Aim of the Recitation:


Aim of the recitation was to introduce the concept of Discrete Time P-I-D controllers and how they can be implemented on real life projects. It was first intended to explain the usage of continuous time P-I-D controllers. In the first part of the recitation, it was aimed to show the how P, P-I, P-I-D controllers change the steady state response of the closed loop systems. Moreover, the methods to tune P-I-D controllers were introduced. It was meant to show that how hard it could get to properly tune a P-I-D controller. Secondly, it was intended to show how P, P-D, P-I, and P-I-D controllers affect the transient response of the closed loop system. It was meant to show how one can gain a feature but lose the other. Thirdly, it was intended to show how one should estimate the dynamics of the continuous time plant and use proper sampling time for discrete time P-I-D controller. It was also meant to show how changing transformation method may cause different pole locations on the z-plane. Lastly, it was intended to show how one could control the velocity and the position of the vehicle of the Gate project by implementing a discrete time P-I-D controller in that project.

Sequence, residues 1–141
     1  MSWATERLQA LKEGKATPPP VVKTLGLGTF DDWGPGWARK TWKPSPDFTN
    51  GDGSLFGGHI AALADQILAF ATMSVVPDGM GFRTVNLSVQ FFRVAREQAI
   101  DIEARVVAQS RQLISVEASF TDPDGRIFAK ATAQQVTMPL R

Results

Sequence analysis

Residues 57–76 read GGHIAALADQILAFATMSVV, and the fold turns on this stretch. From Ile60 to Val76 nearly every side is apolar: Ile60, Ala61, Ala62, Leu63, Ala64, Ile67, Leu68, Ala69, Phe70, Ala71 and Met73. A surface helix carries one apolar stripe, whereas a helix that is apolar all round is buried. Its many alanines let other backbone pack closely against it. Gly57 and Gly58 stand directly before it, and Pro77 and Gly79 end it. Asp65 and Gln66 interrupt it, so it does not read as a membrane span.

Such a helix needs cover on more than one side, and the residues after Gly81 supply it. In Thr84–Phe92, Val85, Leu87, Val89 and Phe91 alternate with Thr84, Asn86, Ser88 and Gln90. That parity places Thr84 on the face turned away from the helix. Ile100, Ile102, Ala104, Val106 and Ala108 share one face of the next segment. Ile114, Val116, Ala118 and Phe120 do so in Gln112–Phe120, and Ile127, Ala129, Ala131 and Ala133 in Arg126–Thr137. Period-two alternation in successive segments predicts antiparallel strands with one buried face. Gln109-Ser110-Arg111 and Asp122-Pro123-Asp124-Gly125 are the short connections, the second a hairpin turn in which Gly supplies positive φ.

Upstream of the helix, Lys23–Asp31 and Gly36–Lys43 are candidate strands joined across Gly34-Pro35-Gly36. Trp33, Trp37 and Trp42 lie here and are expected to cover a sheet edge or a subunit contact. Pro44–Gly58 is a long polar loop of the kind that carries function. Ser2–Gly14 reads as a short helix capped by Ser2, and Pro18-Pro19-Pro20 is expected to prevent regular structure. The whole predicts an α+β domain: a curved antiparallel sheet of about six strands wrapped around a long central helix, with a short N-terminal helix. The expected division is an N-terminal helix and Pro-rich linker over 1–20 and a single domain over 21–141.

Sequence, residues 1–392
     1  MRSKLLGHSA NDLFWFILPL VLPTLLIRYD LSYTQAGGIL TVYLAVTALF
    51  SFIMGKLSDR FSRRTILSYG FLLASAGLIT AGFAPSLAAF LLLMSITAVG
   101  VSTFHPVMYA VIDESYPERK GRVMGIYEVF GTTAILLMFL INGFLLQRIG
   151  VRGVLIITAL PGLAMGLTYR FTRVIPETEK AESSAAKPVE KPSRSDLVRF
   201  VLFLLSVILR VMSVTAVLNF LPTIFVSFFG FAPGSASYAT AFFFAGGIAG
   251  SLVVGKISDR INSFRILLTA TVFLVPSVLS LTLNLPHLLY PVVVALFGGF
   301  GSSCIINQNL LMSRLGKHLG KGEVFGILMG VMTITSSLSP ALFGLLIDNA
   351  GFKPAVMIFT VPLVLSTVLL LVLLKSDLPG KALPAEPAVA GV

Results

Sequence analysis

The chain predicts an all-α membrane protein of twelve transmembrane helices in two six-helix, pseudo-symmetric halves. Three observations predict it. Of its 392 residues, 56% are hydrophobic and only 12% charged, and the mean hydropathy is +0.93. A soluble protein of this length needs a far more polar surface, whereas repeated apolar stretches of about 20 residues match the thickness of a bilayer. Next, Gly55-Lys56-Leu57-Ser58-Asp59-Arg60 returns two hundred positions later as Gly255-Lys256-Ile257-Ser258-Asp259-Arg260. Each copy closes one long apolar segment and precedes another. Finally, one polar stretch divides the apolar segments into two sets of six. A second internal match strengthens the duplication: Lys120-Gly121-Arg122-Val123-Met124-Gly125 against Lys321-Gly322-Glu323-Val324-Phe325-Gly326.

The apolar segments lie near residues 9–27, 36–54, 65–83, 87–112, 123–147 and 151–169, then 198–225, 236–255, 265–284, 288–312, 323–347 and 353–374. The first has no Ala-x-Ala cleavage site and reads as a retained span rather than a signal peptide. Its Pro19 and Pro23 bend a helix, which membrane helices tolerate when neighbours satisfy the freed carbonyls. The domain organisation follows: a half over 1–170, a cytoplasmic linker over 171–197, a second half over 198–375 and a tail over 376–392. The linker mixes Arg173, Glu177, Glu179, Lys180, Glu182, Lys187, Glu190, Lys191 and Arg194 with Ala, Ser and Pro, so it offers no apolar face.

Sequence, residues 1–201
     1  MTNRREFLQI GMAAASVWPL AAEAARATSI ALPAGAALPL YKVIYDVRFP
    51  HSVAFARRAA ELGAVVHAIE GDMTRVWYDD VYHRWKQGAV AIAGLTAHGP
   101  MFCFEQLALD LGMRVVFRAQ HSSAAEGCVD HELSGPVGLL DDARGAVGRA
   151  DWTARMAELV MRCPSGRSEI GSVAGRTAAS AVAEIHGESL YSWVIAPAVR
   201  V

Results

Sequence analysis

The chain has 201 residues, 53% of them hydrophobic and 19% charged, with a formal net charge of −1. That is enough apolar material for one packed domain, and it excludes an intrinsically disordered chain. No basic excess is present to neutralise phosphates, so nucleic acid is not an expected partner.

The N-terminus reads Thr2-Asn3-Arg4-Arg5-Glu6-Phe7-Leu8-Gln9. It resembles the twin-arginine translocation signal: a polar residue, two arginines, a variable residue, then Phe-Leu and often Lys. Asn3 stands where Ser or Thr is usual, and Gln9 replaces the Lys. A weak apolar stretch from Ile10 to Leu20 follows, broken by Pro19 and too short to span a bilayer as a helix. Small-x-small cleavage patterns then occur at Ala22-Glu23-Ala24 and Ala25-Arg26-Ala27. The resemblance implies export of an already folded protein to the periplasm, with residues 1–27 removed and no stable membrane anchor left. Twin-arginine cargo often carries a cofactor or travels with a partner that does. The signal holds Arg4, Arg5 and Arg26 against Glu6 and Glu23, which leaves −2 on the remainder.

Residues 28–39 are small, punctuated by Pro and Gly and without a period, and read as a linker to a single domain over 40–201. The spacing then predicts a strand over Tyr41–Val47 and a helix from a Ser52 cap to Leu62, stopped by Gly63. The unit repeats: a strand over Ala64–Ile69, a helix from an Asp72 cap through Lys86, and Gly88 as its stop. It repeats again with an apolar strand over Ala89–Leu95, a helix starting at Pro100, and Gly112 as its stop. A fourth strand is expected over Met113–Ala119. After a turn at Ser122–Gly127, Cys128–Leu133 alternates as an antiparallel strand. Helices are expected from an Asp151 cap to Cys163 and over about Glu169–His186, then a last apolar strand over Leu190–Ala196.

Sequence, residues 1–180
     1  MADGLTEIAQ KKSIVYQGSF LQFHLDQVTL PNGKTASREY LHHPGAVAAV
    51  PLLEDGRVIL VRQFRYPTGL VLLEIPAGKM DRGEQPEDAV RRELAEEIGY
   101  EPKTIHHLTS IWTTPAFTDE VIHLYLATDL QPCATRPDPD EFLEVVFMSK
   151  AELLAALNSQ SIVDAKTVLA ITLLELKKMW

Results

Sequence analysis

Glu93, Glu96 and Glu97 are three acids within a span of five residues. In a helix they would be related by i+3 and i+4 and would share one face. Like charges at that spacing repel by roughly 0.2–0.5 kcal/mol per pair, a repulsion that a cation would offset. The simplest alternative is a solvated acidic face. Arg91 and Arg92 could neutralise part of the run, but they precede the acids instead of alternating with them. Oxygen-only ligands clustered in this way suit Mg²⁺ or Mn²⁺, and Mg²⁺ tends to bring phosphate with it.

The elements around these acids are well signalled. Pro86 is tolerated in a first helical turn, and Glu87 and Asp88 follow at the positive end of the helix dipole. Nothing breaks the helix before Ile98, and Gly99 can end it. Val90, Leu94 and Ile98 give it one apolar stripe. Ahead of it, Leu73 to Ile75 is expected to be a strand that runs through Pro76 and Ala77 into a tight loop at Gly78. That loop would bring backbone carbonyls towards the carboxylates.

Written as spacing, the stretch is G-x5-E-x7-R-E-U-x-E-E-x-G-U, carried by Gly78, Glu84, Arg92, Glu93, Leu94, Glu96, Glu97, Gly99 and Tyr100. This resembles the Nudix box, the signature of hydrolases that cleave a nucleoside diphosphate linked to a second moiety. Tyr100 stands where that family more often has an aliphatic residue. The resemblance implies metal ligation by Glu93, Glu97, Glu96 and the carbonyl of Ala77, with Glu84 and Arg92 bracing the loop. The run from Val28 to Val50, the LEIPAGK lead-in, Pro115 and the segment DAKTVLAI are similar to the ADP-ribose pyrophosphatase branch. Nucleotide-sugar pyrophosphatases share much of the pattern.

P Controller:
P controller is mostly used in first order processes with single energy storage to stabilize the unstable process. The main usage of the P controller is to decrease the steady state error of the system. As the proportional gain factor K increases, the steady state error of the system decreases. However, despite the reduction, P control can never manage to eliminate the steady state error of the system. As we increase the proportional gain, it provides smaller amplitude and phase margin, faster dynamics satisfying wider frequency band and larger sensitivity to the noise. We can use this controller only when our system is tolerable to a constant steady state error. In addition, it can be easily concluded that applying P controller decreases the rise time and after a certain value of reduction on the steady state error, increasing K only leads to overshoot of the system response. P control also causes oscillation if sufficiently aggressive in the presence of lags and/or dead time. The more lags (higher order), the more problem it leads. Plus, it directly amplifies process noise.